that nearly all commercial wines are heat-stabilized during the winemaking
process. Wine writer Laura Burgess believes that the threshold for heat
damage begins at about 70°F (21°C). Wine damaged by heat tastes rough or
acidic and red wine acquires a kind of jammy sweetness, sometimes with
Oxidized wine is a more common problem,
especially in restaurants. Once a bottle has been opened and partially used,
the remaining wine oxidizes rapidly. It’s the same chemical process - more
or less - that changes the colour of apple slices from white to brown. And
like apples, white wines go brown too, whereas reds take on a sherry-like
aroma of stewed fruit.
Of course, a bottle of wine does not
suddenly “go off” because it’s a gradual process. The aromas and flavours
slowly fade and the freshness diminishes. Chemical changes sometimes cause
unwelcome odours to develop. There is no single cut-off date. And all this,
in a rather small and simplified nutshell, is why there can be no reliable
“best before” date for wine.
To avoid buying a duff bottle in the
supermarket, remember that as far as commercial wine is concerned, younger
is safer. And let’s face it; a lot depends on the experience of the
consumer. Would you really notice for example, if your glass of wine was
mildly oxidized or heat damaged? Possibly not.
Not long ago, I was in a local
restaurant with a group of friends (yes, I do have some). We’d opted for a
large carafe of house red but it turned out to be ever-so-slightly oxidized.
The faded colour and dodgy aroma gave it away. But my merry friends were
clearly none the wiser and knocking it back with abandon. It would have
seemed churlish to make a comment.
The Green and Pleasant Land
Hush Heath vineyard in Kent.
In 2002, the British Broadcasting Corporation organized a
poll to find out who were considered the greatest British people who ever
lived. You can probably guess a few of them yourself. It turned out that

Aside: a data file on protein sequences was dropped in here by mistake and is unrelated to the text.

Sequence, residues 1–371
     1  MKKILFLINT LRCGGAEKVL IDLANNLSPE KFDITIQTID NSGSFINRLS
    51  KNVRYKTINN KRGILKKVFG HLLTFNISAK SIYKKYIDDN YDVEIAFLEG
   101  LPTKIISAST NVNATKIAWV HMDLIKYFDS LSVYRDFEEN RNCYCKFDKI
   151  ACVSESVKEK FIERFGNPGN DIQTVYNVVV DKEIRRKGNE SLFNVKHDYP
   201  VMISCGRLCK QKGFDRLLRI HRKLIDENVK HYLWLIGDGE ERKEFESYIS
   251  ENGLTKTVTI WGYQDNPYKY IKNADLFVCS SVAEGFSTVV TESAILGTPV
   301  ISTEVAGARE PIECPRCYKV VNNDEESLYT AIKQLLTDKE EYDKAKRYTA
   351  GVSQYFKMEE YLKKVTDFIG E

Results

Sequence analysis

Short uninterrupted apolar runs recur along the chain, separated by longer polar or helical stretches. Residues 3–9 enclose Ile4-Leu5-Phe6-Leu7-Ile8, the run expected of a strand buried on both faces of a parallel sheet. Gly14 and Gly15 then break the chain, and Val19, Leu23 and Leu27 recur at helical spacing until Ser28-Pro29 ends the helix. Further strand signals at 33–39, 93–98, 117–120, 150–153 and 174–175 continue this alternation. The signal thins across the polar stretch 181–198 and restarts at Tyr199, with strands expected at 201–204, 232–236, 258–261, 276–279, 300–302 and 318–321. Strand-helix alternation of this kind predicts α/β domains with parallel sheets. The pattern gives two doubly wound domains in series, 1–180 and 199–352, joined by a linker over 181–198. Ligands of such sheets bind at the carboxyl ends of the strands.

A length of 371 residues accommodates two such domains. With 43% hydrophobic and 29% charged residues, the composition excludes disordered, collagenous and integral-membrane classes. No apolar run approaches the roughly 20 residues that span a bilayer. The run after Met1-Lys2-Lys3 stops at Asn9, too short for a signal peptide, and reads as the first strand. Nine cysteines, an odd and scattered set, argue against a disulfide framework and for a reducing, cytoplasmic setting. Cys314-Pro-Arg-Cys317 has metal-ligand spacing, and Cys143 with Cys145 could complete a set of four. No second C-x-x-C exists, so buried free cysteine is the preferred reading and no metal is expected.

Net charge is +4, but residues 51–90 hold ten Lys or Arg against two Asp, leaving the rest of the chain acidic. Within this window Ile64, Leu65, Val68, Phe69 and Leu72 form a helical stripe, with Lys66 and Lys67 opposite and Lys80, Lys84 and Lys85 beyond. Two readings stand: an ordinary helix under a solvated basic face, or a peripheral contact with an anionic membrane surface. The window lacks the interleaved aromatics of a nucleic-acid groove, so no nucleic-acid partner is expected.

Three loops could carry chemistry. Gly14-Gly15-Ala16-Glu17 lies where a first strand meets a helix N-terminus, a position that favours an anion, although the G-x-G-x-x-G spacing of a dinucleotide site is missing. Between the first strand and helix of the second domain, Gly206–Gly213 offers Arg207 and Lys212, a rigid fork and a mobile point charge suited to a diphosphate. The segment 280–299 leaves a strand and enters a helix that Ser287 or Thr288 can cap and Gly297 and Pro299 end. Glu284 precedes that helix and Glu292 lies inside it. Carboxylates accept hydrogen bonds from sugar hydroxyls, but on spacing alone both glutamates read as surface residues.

William Blake, the slightly eccentric English poet and painter was placed at
Number 38. If these things interest you, I shall leave you to find out who
the others were but sadly, I am not among them.
William Blake was unrecognized during
his lifetime but he’s now considered a key figure in Romantic art and
poetry. It is he who gave us the expression “England’s green and pleasant
land” which first appeared in the rather surreal and supposedly prophetic
poem of 1804 entitled Jerusalem. It was written when Blake was living
in his cottage in Felpham, a small village near the Sussex town of Bognor
Regis. The village lies in the heart of England’s wine country.
Wine making was introduced to Britain
by the Romans, who occupied the country for well over three hundred years.
The Domesday Book of 1085 lists over 40 vineyards in England and by
the time Henry VIII was crowned at the turn of the 16th century
there were 139 vineyards in the country. Today there are more than 500 in
England and also a couple of dozen in Wales.
For a variety of economic and political
reasons, English wine had entered a dark age during the 19th century
and by the First World War, wine production had ceased completely. Although
attempts were made to kick-start the wine industry in the 1930s, it wasn’t
until the 1960s that it started to get back on its feet.
In subsequent years things improved,
largely due to increased expertise, climate change and market demands.
Today, many parts of southern Britain are dry and warm enough to grow high
quality grapes and the soil seems to suit them too. It’s in the interest of